Jesus’ invitation to discipleship comes with a warning: “Whoever wishes to come after me must deny himself, take up his cross, and follow me” (Mk 8:34). He made this statement shortly after Peter confessed him to be the Messiah, and he told his disciples what that role entails. The suffering involved in denying oneself and taking up the cross is to be expected by all followers of Christ. It is not a call for the priest or religious only. It is not merely for a select few holy people. It is a command to all those who desire to live in communion with Christ in his Body, the Church.
For the family, this requirement of discipleship begins in the day-to-day living of the parents. As St. John Paul II noted, “Spouses are therefore the permanent reminder to the Church of what happened on the Cross; they are for one another and for the children witnesses to the salvation in which the sacrament makes them sharers” (Familiaris Consortio, 13). Self-denial is seen in many parental actions: work to keep the house orderly, sacrifice of time or hobbies, giving up material pleasures. These are some ways to become more like Christ within the family.
What separates the Catholic family from the contemporary world is how we participate in these small, daily mortifications, treating them not as great losses but as treasures discovered in becoming who we were really called to be: men and women for others.
A few months after the birth of our third boy (our eldest at the time was 3), our laundry was stacking up and chores were left undone. My wife made a small request, asking me to take charge of the laundry. My initial reaction was “no.” I have a job that pays the bills, and thought I was already doing my share at home. I come home and play with the kids, do the dishes and other chores as well as other activities. I was in a sense being worldly, and that world consisted of one person’s needs and perspective: mine.
Well, after some thinking, I caved in and took on this laundry “burden.” I began to realize just how much more I was now giving, how much better I felt about myself and our family, and also how much closer I was to Christ. Rather than the chore being a burden, the simple act of doing the laundry from start to finish became a way for me to grow closer to my family and to Christ. Taking up this small cross showed me that denying myself and following the example of Jesus was easier and lighter than I expected.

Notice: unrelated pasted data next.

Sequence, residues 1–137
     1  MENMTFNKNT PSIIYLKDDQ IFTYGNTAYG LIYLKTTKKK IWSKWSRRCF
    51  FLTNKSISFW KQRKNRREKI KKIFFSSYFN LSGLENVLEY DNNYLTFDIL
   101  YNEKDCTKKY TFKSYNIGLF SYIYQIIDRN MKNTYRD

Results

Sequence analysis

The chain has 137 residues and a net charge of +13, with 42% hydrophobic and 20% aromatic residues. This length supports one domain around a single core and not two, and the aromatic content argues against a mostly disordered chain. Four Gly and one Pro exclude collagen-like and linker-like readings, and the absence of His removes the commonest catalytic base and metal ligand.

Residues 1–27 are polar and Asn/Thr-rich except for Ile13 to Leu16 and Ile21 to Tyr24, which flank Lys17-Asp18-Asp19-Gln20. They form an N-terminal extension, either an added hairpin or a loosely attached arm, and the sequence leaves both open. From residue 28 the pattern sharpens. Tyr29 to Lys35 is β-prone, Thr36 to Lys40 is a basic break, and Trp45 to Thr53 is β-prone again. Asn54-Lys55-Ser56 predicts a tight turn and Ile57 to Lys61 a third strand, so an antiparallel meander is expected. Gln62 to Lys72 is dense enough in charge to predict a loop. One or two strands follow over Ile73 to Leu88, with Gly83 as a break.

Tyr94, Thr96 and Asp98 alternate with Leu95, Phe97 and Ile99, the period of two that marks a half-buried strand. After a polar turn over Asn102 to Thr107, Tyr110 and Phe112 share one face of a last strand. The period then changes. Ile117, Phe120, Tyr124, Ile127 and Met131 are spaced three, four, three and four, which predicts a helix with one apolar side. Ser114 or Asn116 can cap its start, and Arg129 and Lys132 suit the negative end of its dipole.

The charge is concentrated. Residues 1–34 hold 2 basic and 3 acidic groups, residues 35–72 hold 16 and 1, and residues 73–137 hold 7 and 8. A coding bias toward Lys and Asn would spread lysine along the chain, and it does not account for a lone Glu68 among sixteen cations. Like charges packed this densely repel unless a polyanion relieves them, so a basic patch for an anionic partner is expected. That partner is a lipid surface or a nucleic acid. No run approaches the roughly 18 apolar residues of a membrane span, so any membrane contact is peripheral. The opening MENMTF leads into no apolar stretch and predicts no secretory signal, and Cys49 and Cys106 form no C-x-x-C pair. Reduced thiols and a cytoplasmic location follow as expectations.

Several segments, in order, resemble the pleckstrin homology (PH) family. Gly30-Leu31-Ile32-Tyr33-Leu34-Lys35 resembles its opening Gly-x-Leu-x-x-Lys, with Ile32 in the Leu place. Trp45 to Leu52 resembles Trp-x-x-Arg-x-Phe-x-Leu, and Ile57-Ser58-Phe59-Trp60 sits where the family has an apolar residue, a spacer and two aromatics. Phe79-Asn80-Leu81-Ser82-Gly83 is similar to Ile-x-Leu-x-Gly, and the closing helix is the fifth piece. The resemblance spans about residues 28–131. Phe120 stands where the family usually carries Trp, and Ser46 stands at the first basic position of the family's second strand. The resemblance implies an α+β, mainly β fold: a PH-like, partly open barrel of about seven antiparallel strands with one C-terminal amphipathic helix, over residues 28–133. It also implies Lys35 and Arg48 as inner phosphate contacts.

Further, through my own self-gift, my wife was able to give more of herself to our family! Together we hopefully are sharing a greater witness of the true joy of sacrifice to our children.
The idea of sacrifice seems to turn many people away from thinking about marriage and family, or simply from starting and growing a family. Commitments to one person (or many more once children and extended family are involved) are seen as an undue burden, a restriction of our freedom to live our lives as we see fit. This “burden” is viewed as loss of valuable “me” time. However, our discipleship with Christ does not come only with a cross but also with a promise: “For my yoke is easy, and my burden is light” (Mt 11:30).
Here we have what seems to be a conflict. We are told to deny ourselves, take up our cross and prepare to suffer; yet we are also promised that our burden will be light. These two seemingly conflicting statements can only be understood in light of true discipleship, true communion with Christ. Again, the construct of the human family can shed light on what we are talking about.
In letting go of our desires, spending time and resources (i.e., money) on the needs of others, we can create a family dynamic that becomes other-centered and therefore Christ-centered. Christ did not call us to simply keep everything and follow him. Rather, he called us to sacrifice and promised to provide all we need. That “all” is Christ himself, who is the source of our joy and the summit of our desires. While we are still not perfect, the family is the locus in which we show our children, and therefore the world, the true meaning of discipleship and the true purpose of man: self-giving love for others.
Reprinted with permission from FathersForGood.org.